Soon after dinner it started pouring rain again and we had to move under the roof made of palm tree leaves fixed to the trees. There were hammocks attached, too. When everybody "went to bed", the world became silent and only the rain and birds/insects buzzing was audible. The fire burned out soon and deep darkness flooded our camp. Nothing was visible expect little glow-worms emitting greenish light. Now the sounds of the jungle seemed to get incredibly loud, as if someone had turned up the volume. You could hear every move, every bird or insect lurking in the dark. It was quite a long night for me to be honest, but the whole experience, overall, was well worth the effort!
Tips on trekking in the jungle
If you're going to camp in the jungle, you must remember that it's far from comfortable and requires some motivation and effort. It cannot be compared to a visit in The Amazon and sleeping in a guest house.
Here I present a few tips that will help you "survive" in the jungle:
- raincoat is a must
- take necessary vaccinations (especially yellow fever)
- consider malaria drugs (malaria vaccinations are not available yet and the only option you are left with is antibiotics - they can make you feel tired and sick but it's better not to risk)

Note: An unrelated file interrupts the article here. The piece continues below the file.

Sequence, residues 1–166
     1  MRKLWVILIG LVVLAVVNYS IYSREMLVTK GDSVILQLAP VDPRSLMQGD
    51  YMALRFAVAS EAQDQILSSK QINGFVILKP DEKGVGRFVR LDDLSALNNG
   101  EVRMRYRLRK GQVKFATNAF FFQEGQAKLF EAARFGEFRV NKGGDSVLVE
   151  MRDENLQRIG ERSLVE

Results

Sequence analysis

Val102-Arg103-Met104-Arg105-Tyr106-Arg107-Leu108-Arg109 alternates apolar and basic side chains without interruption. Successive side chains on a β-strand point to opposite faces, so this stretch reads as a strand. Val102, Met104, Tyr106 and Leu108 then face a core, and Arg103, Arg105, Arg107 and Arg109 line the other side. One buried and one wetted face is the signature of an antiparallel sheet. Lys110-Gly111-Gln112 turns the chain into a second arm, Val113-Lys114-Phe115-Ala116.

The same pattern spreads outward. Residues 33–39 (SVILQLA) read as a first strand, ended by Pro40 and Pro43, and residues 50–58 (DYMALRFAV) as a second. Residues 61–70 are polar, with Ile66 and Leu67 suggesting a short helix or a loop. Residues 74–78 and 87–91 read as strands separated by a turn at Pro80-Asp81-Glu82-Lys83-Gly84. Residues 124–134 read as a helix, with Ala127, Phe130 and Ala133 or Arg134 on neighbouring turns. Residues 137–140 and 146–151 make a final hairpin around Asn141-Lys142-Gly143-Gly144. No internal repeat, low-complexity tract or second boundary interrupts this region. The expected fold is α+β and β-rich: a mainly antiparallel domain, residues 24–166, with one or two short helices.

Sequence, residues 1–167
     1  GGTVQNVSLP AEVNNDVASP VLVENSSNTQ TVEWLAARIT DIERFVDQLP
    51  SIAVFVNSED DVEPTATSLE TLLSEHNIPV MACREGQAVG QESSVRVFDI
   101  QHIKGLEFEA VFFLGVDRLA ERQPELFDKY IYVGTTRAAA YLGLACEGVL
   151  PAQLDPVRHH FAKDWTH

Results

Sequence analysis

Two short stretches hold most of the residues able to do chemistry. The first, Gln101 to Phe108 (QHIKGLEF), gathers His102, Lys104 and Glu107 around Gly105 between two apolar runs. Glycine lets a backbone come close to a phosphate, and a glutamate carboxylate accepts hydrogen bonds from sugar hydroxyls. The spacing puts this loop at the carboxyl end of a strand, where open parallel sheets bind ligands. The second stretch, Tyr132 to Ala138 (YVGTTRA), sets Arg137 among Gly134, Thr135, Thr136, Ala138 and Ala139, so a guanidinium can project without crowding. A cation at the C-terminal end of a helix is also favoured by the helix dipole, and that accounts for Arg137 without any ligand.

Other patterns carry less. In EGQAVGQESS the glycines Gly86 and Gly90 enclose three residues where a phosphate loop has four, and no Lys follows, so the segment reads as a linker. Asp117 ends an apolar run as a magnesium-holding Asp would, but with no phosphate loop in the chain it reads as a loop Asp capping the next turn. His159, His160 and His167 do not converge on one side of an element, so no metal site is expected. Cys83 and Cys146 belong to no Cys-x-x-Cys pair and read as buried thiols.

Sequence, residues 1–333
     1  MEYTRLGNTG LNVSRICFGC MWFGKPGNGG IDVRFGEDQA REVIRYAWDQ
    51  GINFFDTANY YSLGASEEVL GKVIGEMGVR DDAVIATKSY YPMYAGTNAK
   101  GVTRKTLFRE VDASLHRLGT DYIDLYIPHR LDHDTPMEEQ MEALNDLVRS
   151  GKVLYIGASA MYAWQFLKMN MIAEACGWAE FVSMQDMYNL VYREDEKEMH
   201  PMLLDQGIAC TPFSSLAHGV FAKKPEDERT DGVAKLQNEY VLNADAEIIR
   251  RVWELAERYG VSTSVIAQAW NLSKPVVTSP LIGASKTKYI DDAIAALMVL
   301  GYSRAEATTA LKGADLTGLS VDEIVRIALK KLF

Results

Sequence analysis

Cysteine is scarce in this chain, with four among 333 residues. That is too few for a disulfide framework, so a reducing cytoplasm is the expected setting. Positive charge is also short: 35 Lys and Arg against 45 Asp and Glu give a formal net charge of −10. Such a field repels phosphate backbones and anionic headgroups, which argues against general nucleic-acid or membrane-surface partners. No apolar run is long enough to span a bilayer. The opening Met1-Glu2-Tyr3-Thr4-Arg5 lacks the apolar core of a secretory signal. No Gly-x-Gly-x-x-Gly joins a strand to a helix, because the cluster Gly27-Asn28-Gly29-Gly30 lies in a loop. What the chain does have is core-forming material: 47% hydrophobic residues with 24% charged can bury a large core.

- mosquito repellents! (although they don't work as well as they should - there are so many mosquitoes in the rainforest that after a few hours of lying on the hammock we had more than 20 bites on our backs!)
- multilayer long sleeve clothing (no T-shirts, no shorts - mosquitoes can even bite through the hammocks! it's not very comfortable to wear a few layers when it's hot and humid but it's better than got bitten by mosquitoes)
- some extra clothes (when it's raining you're going to soak through and the bonfire makes so much smoke that you WILL smell)
- good trekking boots (in case you step on a snake)
- tight waterproof bags for electronics
In the next post from the series of articles about The Amazon, I will describe the only city in the area - Manaus.